will Increase by 1 to 3% in 2005
|NEW YORK - Oct. 18, 2004 -- The American Express Global Business Travel
Forecast for 2005, released today, indicates a continued steady revival
of the global business travel industry.
Although the pace varies significantly by region and country, published air and hotel prices are expected to rise incrementally next year as business travel demand recovers, outpacing the growth of supply in several markets. At the same time, increased competition - particularly in the airline sector in several regional markets - is likely to dampen any significant increases in business travel costs.
For 2005, American Express forecasts that global economy/short-haul fares will rise by 0-3%, and international business fares by 2-5%. On the hotel side, room rates for both mid-range and upper-range properties will increase by 1-3%.
"Economic recovery is fueling business travel demand around the world, with particularly strong demand between Europe and North America, South America, and across the Pacific," said Matthew Davis, Director, Global Consulting Services, American Express. "An industry-wide rebound has been dampened only by slim margins for the major North American airline carriers."
Davis continued, "While rising passenger traffic and hotel occupancies
help contribute to a healthier travel industry, forecasted price increases
mean that travel managers must vigilantly maintain an effective travel
management program. The careful application of technology tools and expense
management solutions are critical in allowing corporations to maximize
their travel investment, even in a rising fare environment."
Global Business Travel Prices in 2005
Ongoing Changes to Airline Industry Due to Low Cost Carriers
Low cost carriers will continue to impact the airline industry in 2005. For example, in the U.S., typical business fares are expected to rise between 1-3% for the year, propelled by economic recovery, supplier pressure to recoup economic loss, and an increase in passenger traffic. However, price increases are likely to be tempered by intense competition, particularly from low-cost airlines as they challenge the major hub-and-spoke airlines.
In Europe, the effects of SARS and the Iraq conflict on passenger traffic have diminished, as European carriers experienced demand resurgence. At the same time, a few European network carriers are experiencing financial recovery. Attempts by the airlines to significantly increase fares, however, are likely to be dampened by competition from low cost carriers, a trend that has gathered momentum over the past two years. But the stability of the low cost model in Europe is uncertain.
Asia has also experienced phenomenal activity in the low cost arena. In India alone, ten low cost airlines are in, at least, the planning stage. Low cost activity has also been strong in Thailand, Singapore and Australia, and new entrants are making inroads in Japan, China and the Gulf States.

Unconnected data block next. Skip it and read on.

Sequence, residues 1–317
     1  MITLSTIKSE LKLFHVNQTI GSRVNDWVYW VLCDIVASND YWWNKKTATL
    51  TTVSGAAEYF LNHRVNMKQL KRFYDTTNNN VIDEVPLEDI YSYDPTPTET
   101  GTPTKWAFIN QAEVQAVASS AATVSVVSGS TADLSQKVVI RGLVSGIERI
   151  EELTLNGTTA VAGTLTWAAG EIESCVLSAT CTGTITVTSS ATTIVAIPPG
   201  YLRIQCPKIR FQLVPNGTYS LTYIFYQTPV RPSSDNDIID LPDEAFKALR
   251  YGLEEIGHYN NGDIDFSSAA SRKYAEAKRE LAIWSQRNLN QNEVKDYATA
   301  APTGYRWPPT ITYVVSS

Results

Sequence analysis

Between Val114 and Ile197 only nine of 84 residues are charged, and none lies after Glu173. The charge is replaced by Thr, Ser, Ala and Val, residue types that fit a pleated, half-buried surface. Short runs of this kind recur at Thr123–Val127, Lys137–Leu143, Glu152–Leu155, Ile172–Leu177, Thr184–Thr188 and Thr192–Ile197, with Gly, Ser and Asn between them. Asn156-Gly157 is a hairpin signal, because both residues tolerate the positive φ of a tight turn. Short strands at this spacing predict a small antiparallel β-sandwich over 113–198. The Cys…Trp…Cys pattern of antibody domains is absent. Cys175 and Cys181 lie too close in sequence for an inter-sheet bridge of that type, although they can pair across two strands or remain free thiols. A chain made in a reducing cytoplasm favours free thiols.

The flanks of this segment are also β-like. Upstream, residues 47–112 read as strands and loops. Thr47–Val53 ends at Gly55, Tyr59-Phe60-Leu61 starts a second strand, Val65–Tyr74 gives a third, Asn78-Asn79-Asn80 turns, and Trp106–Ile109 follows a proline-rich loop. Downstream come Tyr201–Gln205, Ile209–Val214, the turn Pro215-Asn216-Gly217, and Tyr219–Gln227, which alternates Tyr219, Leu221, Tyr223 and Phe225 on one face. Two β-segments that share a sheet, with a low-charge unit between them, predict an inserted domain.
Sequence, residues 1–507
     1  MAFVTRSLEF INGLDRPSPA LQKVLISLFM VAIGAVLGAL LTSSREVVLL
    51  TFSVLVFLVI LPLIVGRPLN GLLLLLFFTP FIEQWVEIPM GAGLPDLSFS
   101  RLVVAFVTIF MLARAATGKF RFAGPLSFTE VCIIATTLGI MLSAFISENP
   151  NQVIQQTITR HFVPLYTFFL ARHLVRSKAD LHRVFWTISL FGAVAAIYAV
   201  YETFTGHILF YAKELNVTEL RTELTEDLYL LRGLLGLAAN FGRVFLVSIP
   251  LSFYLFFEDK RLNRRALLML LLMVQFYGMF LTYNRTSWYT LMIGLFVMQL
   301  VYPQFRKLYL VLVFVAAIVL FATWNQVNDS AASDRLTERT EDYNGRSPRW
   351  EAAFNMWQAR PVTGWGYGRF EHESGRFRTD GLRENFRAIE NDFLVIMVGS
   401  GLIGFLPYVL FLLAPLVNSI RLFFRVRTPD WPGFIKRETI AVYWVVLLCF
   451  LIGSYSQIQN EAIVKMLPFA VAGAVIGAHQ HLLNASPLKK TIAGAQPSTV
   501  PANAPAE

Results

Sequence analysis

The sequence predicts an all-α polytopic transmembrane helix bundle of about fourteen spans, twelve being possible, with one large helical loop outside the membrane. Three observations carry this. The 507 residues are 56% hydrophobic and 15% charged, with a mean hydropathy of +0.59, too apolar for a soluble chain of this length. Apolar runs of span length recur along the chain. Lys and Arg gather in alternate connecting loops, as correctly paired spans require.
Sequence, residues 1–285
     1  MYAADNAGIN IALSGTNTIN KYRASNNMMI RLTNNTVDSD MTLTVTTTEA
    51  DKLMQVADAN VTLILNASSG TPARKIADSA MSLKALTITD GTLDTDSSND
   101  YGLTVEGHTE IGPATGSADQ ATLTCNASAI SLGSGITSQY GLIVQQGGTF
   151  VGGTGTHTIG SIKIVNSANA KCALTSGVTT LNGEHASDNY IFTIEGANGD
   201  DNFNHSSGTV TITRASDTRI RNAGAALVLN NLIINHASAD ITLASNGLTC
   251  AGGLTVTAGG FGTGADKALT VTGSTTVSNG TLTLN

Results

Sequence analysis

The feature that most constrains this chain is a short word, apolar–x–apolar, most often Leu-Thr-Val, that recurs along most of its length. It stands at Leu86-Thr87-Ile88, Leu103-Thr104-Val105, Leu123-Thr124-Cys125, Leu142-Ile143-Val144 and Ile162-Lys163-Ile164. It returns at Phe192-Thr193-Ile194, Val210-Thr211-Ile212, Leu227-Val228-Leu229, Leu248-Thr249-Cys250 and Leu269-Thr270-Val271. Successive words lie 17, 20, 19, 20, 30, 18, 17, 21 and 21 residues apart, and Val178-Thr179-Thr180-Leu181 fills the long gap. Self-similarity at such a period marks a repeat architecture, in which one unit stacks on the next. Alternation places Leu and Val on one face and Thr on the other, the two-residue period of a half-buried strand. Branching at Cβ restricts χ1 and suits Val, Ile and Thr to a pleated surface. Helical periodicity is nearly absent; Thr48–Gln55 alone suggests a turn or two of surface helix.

On the hotel front, the negotiations environment will be slightly more challenging than in recent years.
In North America, corporate hotel rates are expected to rise in 2005, driven by rising occupancies as a result of increased demand, in proportion to limited supply growth. The situation is similar in Europe, where business recovery regionally and globally, plus market specific airline competition, is expected to exert upward pressure on published rates. In addition, in Europe a new focus on dynamic pricing will enable more hotel companies to price accordingly in response to peaks and valleys in demand. This will enable suppliers to raise rates in the short term if growing occupancies are sustained.
"Now more than ever, companies need to consider the effect of foreign exchange rate changes when analyzing their global spend," Davis continued. "These same air trends are affecting hotel occupancies around the world. Increased fare competition, rising passenger traffic and a more stable business environment are likely to drive up hotel occupancies. It is clear that the outlook for 2005 bodes well for the hotel suppliers, and it is likely that published rates will rise globally."
In the Asia-Pacific region, hotel rates will grow considerably, especially in comparison to other regions of the world. Economic growth rates, particularly in India and China, are driving occupancies. Supply will be limited for the short-term due to the lengthy building process. In particular, the fastest-growing economies and those most severely affected by the shocks of the past few years will be under the heaviest pricing pressure in 2005.
Projections were generated based on a combination of statistical forecasting, in-depth research of supplier markets, regional economic trends, interviews with American Express industry analysts, and analyses of reports generated within and outside American Express.
The global forecasts, which summarize our findings in select country markets, represent estimated projections based on in depth analyses of historical pricing and costs, including factors and variables that are likely to affect pricing. Actual changes in business travel costs could vary from forecasted data, particularly as a result of unforeseen future political, economic, and/or environmental events.
American Express Corporate Services
American Express Travel Related Services, Inc. operates one of the world's largest travel agency networks, recording $16 billion in worldwide travel sales in 2003.
The American Express Company is a diversified worldwide travel, financial and network services company founded in 1850. It is a leader in charge and credit cards, Travelers Cheques, travel, financial planning, investment products, insurance and international banking.
American Express Travel Related Services, Inc.
|Also See:||Economic Revival in Second Half of 2003 Builds Momentum for Robust Lodging Demand Recovery in 2004 / October 2003|
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